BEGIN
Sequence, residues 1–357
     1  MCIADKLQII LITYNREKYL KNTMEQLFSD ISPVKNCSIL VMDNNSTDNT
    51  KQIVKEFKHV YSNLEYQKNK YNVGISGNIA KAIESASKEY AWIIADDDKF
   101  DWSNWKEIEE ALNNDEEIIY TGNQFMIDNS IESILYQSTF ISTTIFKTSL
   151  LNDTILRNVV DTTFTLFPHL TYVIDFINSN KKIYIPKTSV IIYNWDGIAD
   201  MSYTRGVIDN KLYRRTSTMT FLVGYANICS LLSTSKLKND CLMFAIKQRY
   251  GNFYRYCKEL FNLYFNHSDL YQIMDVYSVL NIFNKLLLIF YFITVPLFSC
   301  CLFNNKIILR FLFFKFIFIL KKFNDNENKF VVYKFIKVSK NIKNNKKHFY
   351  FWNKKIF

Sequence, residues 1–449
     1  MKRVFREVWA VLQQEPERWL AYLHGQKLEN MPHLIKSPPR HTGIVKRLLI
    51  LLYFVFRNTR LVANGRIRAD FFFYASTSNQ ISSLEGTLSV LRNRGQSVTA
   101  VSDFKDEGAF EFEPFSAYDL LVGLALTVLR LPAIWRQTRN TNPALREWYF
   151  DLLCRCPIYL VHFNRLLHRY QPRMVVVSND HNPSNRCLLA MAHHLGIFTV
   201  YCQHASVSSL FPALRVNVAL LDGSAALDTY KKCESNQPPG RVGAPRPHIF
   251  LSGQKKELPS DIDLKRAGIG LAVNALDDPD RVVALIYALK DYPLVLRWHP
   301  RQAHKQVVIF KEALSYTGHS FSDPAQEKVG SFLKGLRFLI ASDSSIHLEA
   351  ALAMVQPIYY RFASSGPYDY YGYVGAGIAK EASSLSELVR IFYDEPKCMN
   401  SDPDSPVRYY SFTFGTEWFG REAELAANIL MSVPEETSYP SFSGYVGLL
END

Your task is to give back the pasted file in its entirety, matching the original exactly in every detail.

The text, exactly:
Sequence, residues 1–357
     1  MCIADKLQII LITYNREKYL KNTMEQLFSD ISPVKNCSIL VMDNNSTDNT
    51  KQIVKEFKHV YSNLEYQKNK YNVGISGNIA KAIESASKEY AWIIADDDKF
   101  DWSNWKEIEE ALNNDEEIIY TGNQFMIDNS IESILYQSTF ISTTIFKTSL
   151  LNDTILRNVV DTTFTLFPHL TYVIDFINSN KKIYIPKTSV IIYNWDGIAD
   201  MSYTRGVIDN KLYRRTSTMT FLVGYANICS LLSTSKLKND CLMFAIKQRY
   251  GNFYRYCKEL FNLYFNHSDL YQIMDVYSVL NIFNKLLLIF YFITVPLFSC
   301  CLFNNKIILR FLFFKFIFIL KKFNDNENKF VVYKFIKVSK NIKNNKKHFY
   351  FWNKKIF

Sequence, residues 1–449
     1  MKRVFREVWA VLQQEPERWL AYLHGQKLEN MPHLIKSPPR HTGIVKRLLI
    51  LLYFVFRNTR LVANGRIRAD FFFYASTSNQ ISSLEGTLSV LRNRGQSVTA
   101  VSDFKDEGAF EFEPFSAYDL LVGLALTVLR LPAIWRQTRN TNPALREWYF
   151  DLLCRCPIYL VHFNRLLHRY QPRMVVVSND HNPSNRCLLA MAHHLGIFTV
   201  YCQHASVSSL FPALRVNVAL LDGSAALDTY KKCESNQPPG RVGAPRPHIF
   251  LSGQKKELPS DIDLKRAGIG LAVNALDDPD RVVALIYALK DYPLVLRWHP
   301  RQAHKQVVIF KEALSYTGHS FSDPAQEKVG SFLKGLRFLI ASDSSIHLEA
   351  ALAMVQPIYY RFASSGPYDY YGYVGAGIAK EASSLSELVR IFYDEPKCMN
   401  SDPDSPVRYY SFTFGTEWFG REAELAANIL MSVPEETSYP SFSGYVGLL